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How Playing the Piano Might Help You Ward Off Symptoms of Dementia

Online Lessons with Diana Mascari
Diana Mascari-Piano Teacher for Adults

It is a known fact that music has an impact on the health of your brain. One of my long-time students has been keeping his eye the trends this research has taken. Recently, he found an article by Arielle Weg, called The Creative Habit That Might Ward Off Dementia Symptoms, Even if You Start Later in Life This got me thinking more deeply about the subject, and so I'd like to share some insights and tips with you that could have a major impact on your life

What Parts of Your Anatomy Are Involved in Playing the Piano? 1. The Fingers moving the ten fingers on the keyboard require dexterity and motor skills

2. The Hands

not only does each hand have to support the fingers with strength and agility, but to play the piano you need to be able to coordinate the playing of both hands each with a different part.

3. The Feet

For those of you who have watched me perform, you will probably think that I am referring to foot-tapping. While this is helpful for keeping the beat, the most important use of the feet involve the use of the pedals. The one on the right (the damper pedal) for sustaining notes as well as the one on the left (una corda or soft pedal) for helping you play music at a softer volume. For an in-depth article and video about the pedals, see my article: How Do You Know When To Press the Pedals On the Piano?

4. The Ears

Although Beethoven wrote and conducted his famous 9th Symphony when he was deaf, most of us do not have that level of skill. My composition teacher, at Boston University, Lukas Foss was able to look at a score and "hear it". He did this so well, that once a professor gave him 100 musical scores to review for a competition. He was able to do this because his musical ear was so well-trained that he could hear the music and assess its quality and content. Beyond these an other exceptional musicians, most of us need to actually HEAR what we are playing on the piano. The more accurate our hearing is the better we can avoid mistakes and infuse our performances with vitality and expression.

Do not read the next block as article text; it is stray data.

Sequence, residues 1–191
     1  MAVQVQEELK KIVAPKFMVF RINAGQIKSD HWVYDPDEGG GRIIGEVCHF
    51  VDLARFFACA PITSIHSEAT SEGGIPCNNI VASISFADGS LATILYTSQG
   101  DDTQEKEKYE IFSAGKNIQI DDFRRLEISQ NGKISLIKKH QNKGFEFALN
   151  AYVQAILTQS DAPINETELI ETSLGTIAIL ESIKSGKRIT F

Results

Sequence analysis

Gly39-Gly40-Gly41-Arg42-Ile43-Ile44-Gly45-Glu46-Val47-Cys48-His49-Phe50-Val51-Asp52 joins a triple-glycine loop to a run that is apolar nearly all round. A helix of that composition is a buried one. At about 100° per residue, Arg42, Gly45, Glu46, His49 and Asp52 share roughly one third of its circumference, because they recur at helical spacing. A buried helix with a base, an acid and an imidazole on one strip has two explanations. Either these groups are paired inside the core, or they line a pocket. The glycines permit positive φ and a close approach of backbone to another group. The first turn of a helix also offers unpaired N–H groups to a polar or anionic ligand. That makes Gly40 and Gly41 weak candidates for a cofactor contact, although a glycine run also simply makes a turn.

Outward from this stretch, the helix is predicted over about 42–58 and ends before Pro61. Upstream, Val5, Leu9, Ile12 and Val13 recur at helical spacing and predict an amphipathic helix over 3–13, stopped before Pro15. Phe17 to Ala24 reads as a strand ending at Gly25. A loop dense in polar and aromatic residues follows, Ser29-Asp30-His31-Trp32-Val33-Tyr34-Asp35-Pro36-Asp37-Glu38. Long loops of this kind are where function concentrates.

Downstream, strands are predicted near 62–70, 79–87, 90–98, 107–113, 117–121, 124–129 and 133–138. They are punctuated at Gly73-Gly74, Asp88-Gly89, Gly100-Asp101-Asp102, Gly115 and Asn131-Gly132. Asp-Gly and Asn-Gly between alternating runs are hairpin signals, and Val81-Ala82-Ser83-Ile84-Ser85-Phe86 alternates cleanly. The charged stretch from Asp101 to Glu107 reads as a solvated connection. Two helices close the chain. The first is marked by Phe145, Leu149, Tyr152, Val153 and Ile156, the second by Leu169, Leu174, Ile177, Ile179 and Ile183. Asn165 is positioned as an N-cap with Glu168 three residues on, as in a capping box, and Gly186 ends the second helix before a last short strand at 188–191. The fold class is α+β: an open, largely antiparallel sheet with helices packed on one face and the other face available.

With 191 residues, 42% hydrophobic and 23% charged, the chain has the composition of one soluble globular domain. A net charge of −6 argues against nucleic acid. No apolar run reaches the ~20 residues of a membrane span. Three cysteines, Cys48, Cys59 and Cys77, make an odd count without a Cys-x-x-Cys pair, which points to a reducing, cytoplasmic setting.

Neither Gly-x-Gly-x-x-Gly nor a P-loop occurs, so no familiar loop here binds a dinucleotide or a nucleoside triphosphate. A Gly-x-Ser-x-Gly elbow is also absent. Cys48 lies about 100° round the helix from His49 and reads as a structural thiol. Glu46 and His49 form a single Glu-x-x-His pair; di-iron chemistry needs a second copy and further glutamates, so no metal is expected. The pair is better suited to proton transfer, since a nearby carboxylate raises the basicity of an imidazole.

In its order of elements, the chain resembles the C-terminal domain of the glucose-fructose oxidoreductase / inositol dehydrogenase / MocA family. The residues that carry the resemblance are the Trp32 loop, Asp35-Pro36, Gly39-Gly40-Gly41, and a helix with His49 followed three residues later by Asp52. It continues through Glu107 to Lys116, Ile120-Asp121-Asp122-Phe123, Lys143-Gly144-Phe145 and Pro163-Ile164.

5. The Eyes

Needless to say, unless you have perfect pitch (and even then you might still need your eyes to read music), most of us, whether we play classical music, jazz, show tunes, pop music, church hymns or rock'n roll need to READ the music. In addition to this, there are times when we really need to look at our hands while we play so we know where they should be on the keyboard.

6. The Brain

In reality, the 5 parts of our anatomy need brainpower to work. But that's just the beginning of the story. Your brain has to process a great deal when you play the piano. Reading the music requires that the brain translate the black dots that are on the page into sounds created by the keys. But that's not all, there are expression marks (what type of feeling should the music have), articulation marks (staccato-detached, legato-smooth and connected, marcato-accented, and more), dynamic marks (loud, soft, crescendo, diminuendo, etc), tempo marks (Adagio, Vivace and more plus metronome marks for speed). There are several more to add, but I think you get the idea. An example of keeping the brain sharp is Chopin's Nocturne in B Major. As one of my student puts it: "no note in the music is what you play on the piano, this is frustrating, but it sure sure helps keep the mind sharp to prevent dementia."